it would call all its own, in its range from the profound and almost prophetic sayings of Bacon, to the tiniest song that sparkles as a diamond on the dark pall of Shakspeare's tragic muse, or that peeps out from amid the grotesque attire of his comic genius. It would comprehend whatever is grave in philosophy, whatever is serious in theology, whatever is wise or witty in the essayist, whatever is splendid or touching in fiction, whatever is musical or majestic in poetry, whatever is lively and sparkling in the tale or the song, provided it is true to nature and the heart of man, and provided, also, that it is expressed in language worthy of the theme.

Nor is it low or unworthy. That view of Literature is unworthy, which makes her the plaything of the idler, the parasite of the luxurious, or the caterer for an enervated and unmanly taste; but which gives her no place in the thoughts of the wise or among the circles of those who think and act nobly for the welfare of man. That view only gives Literature her lawful honor, which makes her the companion of the truly great, and the graceful handmaid to all that is of permanent worth, or deserves lasting fame.

Nor is it utilitarian-coldly and severely insensible to the charms of beauty in style, and to the nameless graces that move in the bright train of genius. On the contrary, it provides for all these, and would do justice to them, as it secures subjects worth the adorning, and would make them minister in exalted services. The ruby burns as brightly, and the diamond flashes as splendidly, when they adorn the hilt of the hero, who has won the freedom of millions, as when they gem the jewelled plaything that dangles at the side of a dainty “ carpet knight.” The pearl emits as serene a radiance, when it is set in the coronet of a highborn lady, whose virtues are her brighest jewels, as when sported by her flaunting maid of honor.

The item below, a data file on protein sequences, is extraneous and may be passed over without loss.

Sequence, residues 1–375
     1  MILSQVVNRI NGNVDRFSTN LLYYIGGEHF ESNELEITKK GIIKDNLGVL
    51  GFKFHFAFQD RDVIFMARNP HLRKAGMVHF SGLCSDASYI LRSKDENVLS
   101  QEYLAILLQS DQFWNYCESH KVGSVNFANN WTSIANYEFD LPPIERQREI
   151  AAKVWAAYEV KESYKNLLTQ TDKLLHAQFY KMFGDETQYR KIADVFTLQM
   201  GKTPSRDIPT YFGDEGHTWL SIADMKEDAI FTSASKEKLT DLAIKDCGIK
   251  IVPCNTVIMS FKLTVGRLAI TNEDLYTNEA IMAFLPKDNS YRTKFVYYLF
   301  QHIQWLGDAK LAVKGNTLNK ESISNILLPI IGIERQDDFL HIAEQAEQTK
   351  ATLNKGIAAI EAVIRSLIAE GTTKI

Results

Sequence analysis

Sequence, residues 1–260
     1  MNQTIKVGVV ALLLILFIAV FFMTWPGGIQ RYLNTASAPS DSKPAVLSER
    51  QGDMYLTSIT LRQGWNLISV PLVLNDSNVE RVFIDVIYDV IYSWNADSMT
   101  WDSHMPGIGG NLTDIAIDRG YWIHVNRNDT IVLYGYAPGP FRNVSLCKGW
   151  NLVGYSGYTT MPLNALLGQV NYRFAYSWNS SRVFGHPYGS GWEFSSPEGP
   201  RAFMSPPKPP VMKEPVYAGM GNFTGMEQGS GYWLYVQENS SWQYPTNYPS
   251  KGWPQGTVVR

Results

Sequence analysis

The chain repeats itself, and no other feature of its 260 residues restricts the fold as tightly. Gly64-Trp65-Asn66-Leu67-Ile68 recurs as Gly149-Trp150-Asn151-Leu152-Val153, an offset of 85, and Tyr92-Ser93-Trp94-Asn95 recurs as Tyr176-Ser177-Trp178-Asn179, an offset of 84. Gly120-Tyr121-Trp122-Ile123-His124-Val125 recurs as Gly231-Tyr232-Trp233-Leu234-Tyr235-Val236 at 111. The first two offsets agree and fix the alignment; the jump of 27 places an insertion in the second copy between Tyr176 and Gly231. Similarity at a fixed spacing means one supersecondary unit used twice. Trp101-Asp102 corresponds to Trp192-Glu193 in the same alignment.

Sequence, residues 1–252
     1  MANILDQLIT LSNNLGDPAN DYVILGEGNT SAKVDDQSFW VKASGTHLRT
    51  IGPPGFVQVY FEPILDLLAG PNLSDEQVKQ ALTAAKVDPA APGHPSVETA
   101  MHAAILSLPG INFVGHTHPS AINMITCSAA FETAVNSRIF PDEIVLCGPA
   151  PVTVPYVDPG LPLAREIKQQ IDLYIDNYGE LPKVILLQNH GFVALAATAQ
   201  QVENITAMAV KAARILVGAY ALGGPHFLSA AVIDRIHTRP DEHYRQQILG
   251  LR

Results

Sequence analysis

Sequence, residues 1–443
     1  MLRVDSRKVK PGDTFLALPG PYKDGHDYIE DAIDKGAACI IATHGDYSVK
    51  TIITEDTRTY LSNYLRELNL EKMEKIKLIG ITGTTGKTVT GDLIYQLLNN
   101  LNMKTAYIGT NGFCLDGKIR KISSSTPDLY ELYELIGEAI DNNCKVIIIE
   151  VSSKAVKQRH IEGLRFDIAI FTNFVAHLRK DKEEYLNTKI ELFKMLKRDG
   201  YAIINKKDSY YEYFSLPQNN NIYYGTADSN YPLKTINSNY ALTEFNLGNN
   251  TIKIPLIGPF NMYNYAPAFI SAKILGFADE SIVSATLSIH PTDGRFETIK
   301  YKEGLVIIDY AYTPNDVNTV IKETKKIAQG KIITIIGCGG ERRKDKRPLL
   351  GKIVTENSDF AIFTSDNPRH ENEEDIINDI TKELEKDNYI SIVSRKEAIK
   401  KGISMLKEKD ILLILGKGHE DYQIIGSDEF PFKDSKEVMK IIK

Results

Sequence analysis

It is well to assert this view of Literature on all occasions; but it seems to be demanded when we raise inquiries in respect to the Literature of a nation. A national Literature, if it have a distinctive character, must be the expression of the nation's mind and heart. A nation, to have a Literature of its own, must, in that Literature, speak its mind and heart. The mere outside of Literature is the same with every people. The difference, the peculiar spirit and genius of each, must come from the peculiar characteristics of the nation's inner self.

What will be the features, and what is the destiny of American Literature? The question is great and interesting.

It might be thought, perhaps, that a previous question ought to be determined, whether there is to be such a thing as American Literature at all. Some have gravely doubted whether such a thing were possible. Others have confidently asserted that the


no renown.

greatness of this Union was destined to be physical and commercial only; that the line of her eminence was to be practical alone ; but that in Literature she could attain no greatness, and hope for

With those of either opinion we are not disposed to argue.

For ourselves, we are certain that a great people, a people with a strong intellect and a strong heart, cannot but give expression to itself in a distinctive and commanding Literature : provided that it have time enough to develope itself in this direction. Besides, to argue the question, might spoil the theme of some transatlantic critic, or his stale copyist this side the ocean. To essay to determine it might be cruelty to some one, who might lack for material on which to descant in a fiery and contemptuous strain towards the young republic. But though we shall not treat the question directly, we hope to furnish some materials towards its adjustment.